Trigger Finger

Trigger Finger

What is Trigger Finger?

The tendons that bend the fingers glide easily with the help of pulleys. These pulleys hold the tendons close to the bone. This is similar to how a line is held on a fishing rod. Trigger finger occurs when the pulley becomes too thick, so the tendon cannot glide easily through it. (See trigger finger illustration)


Pain and tenderness over base of the finger.  Patients may wakeup with finger stuck in flex position.


Trigger fingers are first treated with steroid Injection.  Steroids starts to work in 4-6 days.  It may take up to one month to resolve after an injection. In Dr. Zhang’s practice, only 2 shots are given per finger in a lifetime due to the risk of tendon rupture if the same finger is injected too many times.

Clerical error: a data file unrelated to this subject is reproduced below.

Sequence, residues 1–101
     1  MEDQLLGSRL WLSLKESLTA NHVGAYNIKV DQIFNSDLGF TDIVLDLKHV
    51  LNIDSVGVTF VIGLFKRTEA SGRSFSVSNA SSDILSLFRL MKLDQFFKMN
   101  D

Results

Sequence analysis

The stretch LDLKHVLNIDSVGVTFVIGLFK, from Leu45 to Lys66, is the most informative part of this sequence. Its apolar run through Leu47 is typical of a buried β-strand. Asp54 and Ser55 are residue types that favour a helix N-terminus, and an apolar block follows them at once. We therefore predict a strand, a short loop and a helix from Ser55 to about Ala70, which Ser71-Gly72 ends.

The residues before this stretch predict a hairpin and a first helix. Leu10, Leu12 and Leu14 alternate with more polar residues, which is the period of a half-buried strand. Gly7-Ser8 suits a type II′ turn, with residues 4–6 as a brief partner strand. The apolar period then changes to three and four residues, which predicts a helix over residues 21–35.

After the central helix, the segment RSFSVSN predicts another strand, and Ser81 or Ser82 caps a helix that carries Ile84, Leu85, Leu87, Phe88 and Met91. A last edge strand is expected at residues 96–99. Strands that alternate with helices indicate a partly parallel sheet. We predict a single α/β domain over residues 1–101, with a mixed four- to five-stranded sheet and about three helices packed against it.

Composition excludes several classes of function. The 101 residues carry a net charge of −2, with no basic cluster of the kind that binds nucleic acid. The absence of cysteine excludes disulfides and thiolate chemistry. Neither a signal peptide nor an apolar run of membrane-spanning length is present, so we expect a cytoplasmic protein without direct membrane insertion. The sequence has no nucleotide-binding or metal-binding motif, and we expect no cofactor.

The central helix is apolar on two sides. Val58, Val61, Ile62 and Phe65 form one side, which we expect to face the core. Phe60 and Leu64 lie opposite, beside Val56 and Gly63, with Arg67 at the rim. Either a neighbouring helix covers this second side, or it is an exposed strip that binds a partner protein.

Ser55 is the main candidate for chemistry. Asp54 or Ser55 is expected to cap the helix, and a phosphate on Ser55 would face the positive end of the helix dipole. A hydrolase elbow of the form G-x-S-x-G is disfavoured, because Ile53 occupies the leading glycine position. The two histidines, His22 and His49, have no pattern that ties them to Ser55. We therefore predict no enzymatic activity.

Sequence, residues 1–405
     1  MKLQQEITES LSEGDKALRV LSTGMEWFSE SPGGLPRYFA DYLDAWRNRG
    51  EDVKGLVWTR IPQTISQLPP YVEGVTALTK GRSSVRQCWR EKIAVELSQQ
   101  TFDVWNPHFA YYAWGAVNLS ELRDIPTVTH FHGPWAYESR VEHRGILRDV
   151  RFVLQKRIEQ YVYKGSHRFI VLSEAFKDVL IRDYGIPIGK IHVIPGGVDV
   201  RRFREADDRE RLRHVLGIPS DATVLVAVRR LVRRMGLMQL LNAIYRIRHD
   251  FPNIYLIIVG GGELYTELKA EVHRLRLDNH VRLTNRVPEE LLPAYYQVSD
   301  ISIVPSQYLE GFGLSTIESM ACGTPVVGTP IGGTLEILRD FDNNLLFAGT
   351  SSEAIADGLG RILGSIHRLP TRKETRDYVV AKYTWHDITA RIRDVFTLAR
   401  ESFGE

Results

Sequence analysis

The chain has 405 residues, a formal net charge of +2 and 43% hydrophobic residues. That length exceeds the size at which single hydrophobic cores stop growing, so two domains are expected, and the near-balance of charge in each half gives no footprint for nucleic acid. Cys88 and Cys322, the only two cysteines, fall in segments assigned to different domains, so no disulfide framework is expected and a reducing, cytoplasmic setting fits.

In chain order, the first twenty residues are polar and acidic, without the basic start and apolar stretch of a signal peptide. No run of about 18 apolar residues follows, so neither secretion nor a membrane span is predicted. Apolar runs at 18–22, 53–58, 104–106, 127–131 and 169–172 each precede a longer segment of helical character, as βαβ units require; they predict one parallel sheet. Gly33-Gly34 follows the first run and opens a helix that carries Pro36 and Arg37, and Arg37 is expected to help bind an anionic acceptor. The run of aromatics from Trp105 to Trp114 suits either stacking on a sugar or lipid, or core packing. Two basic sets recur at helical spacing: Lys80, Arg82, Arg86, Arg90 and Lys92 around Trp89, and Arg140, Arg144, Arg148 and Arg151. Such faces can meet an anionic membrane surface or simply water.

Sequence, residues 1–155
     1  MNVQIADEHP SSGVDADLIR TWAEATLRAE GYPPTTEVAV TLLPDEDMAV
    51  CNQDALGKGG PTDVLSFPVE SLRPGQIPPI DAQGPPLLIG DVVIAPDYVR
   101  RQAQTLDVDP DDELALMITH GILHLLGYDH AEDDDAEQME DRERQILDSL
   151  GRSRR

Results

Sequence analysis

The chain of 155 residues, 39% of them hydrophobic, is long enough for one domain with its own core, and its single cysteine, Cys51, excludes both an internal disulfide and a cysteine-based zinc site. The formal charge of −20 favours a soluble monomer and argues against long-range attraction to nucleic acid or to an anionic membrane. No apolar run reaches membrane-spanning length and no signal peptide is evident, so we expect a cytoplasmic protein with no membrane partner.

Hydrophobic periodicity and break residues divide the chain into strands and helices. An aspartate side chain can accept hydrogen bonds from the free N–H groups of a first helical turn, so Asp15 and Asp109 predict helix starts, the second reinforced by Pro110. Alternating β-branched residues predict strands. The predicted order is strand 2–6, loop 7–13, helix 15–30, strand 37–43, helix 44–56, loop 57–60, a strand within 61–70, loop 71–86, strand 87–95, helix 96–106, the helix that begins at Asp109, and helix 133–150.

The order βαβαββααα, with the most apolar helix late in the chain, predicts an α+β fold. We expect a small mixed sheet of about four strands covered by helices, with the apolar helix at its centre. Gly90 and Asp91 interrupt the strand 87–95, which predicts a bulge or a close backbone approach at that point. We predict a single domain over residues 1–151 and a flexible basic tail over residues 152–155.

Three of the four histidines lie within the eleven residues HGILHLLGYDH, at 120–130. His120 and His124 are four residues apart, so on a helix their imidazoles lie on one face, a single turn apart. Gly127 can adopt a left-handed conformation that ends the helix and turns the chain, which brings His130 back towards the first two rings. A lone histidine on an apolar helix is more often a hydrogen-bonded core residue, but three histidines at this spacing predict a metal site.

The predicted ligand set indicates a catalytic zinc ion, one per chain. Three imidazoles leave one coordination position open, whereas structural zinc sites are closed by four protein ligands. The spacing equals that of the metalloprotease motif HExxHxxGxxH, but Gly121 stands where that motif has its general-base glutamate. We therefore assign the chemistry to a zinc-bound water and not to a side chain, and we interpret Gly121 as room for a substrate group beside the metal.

Surgical Treatment

Surgery is warranted if steroid injection failed to resolve the problem.  Trigger finger release is a minor procedure done under local anesthesia with or without sedation. (See Trigger finger surgical release)